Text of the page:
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Base Defense

Notable Backups


Cover 2/4


% of Plays




David Long





CB (Slot)

Jalen Ramsey



Terrell Burgess

Nick Scott


Taylor Rapp



Kenny Young

Troy Reeder


Micah Kiser


DT (1T)

Sebastian Joseph

Greg Gaines

DT (3T)

Aaron Donald

A'Shawn Robinson

DT (3T)

Michael Brockers

Ogbonnia Okoronkwo


Justin Hollins

Terrell Lewis


Defensive Coordinator: The Rams lost DC Brandon Staley -- my generation’s Vic Fangio -- to the Chargers this offseason. Staley brought defensive coverages to the modern era, using two-high safeties more than anyone while having as few defenders in the box as possible. The goal simply was to stop the intermediate and deep pass, even if that exposed them to positive runs. Despite running a single-high defense in Atlanta that played quarters at the second lowest rate (2%), new DC Raheem Morris is likely to retain most of the core principles of last year’s quarters unit just because it was so successful with these defensive stars. The difference in ancillary talent is a concern, however, with CB2 Darius Williams, SS John Johnson, and EDGE Leonard Floyd all looking at free agency paydays.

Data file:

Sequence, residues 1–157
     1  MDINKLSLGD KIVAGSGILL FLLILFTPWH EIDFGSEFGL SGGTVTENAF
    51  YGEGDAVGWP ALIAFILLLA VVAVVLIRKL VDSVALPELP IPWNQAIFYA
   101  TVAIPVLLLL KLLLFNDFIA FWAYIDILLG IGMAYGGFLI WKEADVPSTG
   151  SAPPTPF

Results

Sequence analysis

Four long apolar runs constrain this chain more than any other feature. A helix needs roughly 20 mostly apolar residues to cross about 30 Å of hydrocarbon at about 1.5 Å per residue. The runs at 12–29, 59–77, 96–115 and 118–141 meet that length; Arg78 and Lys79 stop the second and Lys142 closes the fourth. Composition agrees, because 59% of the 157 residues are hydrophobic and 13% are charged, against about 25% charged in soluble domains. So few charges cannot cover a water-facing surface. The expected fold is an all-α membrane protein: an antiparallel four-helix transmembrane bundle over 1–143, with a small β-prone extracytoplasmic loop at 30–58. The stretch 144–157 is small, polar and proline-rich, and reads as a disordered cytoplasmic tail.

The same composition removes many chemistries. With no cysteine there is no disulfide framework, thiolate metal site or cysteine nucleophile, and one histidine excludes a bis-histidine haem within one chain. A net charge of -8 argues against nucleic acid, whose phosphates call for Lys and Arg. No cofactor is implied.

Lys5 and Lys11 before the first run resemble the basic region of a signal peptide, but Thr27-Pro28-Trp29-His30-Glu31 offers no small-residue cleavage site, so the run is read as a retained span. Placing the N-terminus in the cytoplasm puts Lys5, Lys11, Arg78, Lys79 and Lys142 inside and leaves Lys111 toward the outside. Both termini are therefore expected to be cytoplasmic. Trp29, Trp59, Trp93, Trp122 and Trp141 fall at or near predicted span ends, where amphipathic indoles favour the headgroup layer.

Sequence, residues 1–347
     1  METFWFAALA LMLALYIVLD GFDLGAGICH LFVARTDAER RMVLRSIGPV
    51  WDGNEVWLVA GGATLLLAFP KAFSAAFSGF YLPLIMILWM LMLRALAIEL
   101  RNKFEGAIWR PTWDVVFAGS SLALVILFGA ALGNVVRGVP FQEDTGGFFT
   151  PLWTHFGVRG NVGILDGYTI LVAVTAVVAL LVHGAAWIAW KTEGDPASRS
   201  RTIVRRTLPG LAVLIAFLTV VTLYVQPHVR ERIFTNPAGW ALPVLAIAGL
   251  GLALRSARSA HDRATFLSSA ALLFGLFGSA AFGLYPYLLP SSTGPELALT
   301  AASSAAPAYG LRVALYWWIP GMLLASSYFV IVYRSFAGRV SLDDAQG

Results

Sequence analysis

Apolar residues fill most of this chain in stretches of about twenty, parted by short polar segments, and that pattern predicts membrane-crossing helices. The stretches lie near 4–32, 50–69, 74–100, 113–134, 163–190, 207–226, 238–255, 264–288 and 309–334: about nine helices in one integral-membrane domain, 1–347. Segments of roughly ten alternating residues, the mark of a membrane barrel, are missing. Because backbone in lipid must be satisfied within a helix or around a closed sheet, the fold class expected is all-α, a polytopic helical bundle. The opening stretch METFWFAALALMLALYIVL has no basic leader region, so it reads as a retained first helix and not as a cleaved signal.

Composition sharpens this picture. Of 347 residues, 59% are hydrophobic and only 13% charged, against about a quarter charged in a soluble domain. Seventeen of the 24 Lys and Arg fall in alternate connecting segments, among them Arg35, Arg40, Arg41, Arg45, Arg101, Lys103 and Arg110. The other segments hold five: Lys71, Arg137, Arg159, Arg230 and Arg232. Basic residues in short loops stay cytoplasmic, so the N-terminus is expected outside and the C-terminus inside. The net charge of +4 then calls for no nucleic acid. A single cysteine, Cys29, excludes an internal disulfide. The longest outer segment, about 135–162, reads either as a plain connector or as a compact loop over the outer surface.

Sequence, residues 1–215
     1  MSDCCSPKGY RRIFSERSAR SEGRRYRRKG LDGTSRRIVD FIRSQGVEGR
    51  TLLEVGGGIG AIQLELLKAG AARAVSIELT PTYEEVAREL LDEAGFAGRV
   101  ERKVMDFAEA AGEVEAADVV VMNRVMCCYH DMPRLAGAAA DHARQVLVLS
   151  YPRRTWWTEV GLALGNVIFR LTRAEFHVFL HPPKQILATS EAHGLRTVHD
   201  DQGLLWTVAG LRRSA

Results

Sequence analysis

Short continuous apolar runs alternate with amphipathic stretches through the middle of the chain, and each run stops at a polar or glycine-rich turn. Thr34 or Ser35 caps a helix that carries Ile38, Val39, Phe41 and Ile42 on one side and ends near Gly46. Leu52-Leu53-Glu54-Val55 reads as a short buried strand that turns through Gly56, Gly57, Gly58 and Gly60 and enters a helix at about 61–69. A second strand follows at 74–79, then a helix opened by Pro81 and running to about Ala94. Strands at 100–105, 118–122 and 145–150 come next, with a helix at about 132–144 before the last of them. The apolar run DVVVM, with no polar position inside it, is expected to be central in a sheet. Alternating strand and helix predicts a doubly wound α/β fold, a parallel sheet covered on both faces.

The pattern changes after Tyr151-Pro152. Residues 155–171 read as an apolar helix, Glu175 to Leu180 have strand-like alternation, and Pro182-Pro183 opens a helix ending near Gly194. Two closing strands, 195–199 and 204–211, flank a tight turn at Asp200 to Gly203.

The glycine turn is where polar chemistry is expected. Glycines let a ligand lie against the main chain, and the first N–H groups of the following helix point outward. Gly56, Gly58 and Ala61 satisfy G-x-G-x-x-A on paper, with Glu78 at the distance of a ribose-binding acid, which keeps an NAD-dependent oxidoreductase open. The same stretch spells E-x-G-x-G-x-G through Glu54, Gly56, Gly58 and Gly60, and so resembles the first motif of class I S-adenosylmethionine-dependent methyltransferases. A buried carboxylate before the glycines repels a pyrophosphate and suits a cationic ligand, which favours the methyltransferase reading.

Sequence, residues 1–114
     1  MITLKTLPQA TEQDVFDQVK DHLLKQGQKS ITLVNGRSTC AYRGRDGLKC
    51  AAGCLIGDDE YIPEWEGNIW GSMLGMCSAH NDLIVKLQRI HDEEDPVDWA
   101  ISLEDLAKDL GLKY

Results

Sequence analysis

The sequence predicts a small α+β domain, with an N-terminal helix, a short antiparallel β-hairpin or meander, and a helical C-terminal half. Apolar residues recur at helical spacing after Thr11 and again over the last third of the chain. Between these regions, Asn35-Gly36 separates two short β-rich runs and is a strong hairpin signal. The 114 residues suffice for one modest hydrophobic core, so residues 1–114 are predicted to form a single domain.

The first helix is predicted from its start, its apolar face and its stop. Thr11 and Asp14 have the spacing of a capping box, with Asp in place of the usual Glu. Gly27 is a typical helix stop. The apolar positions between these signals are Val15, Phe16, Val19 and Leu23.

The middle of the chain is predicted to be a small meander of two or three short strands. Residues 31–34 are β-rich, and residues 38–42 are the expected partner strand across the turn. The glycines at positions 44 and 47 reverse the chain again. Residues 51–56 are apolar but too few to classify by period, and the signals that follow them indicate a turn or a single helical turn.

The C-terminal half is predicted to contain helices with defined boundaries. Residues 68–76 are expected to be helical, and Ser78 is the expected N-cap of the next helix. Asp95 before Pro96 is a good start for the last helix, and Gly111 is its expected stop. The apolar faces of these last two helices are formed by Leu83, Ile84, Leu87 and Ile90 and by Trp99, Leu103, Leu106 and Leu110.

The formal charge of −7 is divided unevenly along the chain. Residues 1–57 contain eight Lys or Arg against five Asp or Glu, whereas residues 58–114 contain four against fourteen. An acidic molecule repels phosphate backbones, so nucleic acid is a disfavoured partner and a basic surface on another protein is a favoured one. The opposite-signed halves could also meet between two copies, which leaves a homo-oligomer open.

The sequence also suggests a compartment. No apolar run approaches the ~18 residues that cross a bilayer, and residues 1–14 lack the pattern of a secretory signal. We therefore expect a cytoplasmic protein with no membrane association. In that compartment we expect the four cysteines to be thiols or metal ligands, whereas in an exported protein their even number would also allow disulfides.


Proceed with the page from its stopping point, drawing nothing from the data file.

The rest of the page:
Passing Defense: 2020 Defensive Player of the Year Aaron Donald led the league in quarterback hurries (69) and tied for the lead with 15.0 sacks. The rest of the pass-rushing unit is sub-par though with OLB Leonard Floyd hitting free agency and DT Michael Brockers potentially on the chopping block ($4.6M cap savings). It’s an issue because the Rams don’t blitz often (27%, 19th). Perhaps 2019 fifth-rounder Justin Hollins or 2020 third-rounder Terrell Lewis have a breakout season. The secondary is also stars and scrubs driven. Jalen Ramsey is the best defensive back for my money, but breakout CB2 Darious Williams and SS John Johnson will be looking for paydays. Williams is the far bigger priority between the two with 2019 second-rounder Taylor Rapp and 2020 third-rounder Terrell Burgess as future starters at safety. Overall, some regression is expected, but the Rams still have the makings of a top-eight passing defense. They were No. 2 in passing EPA last year.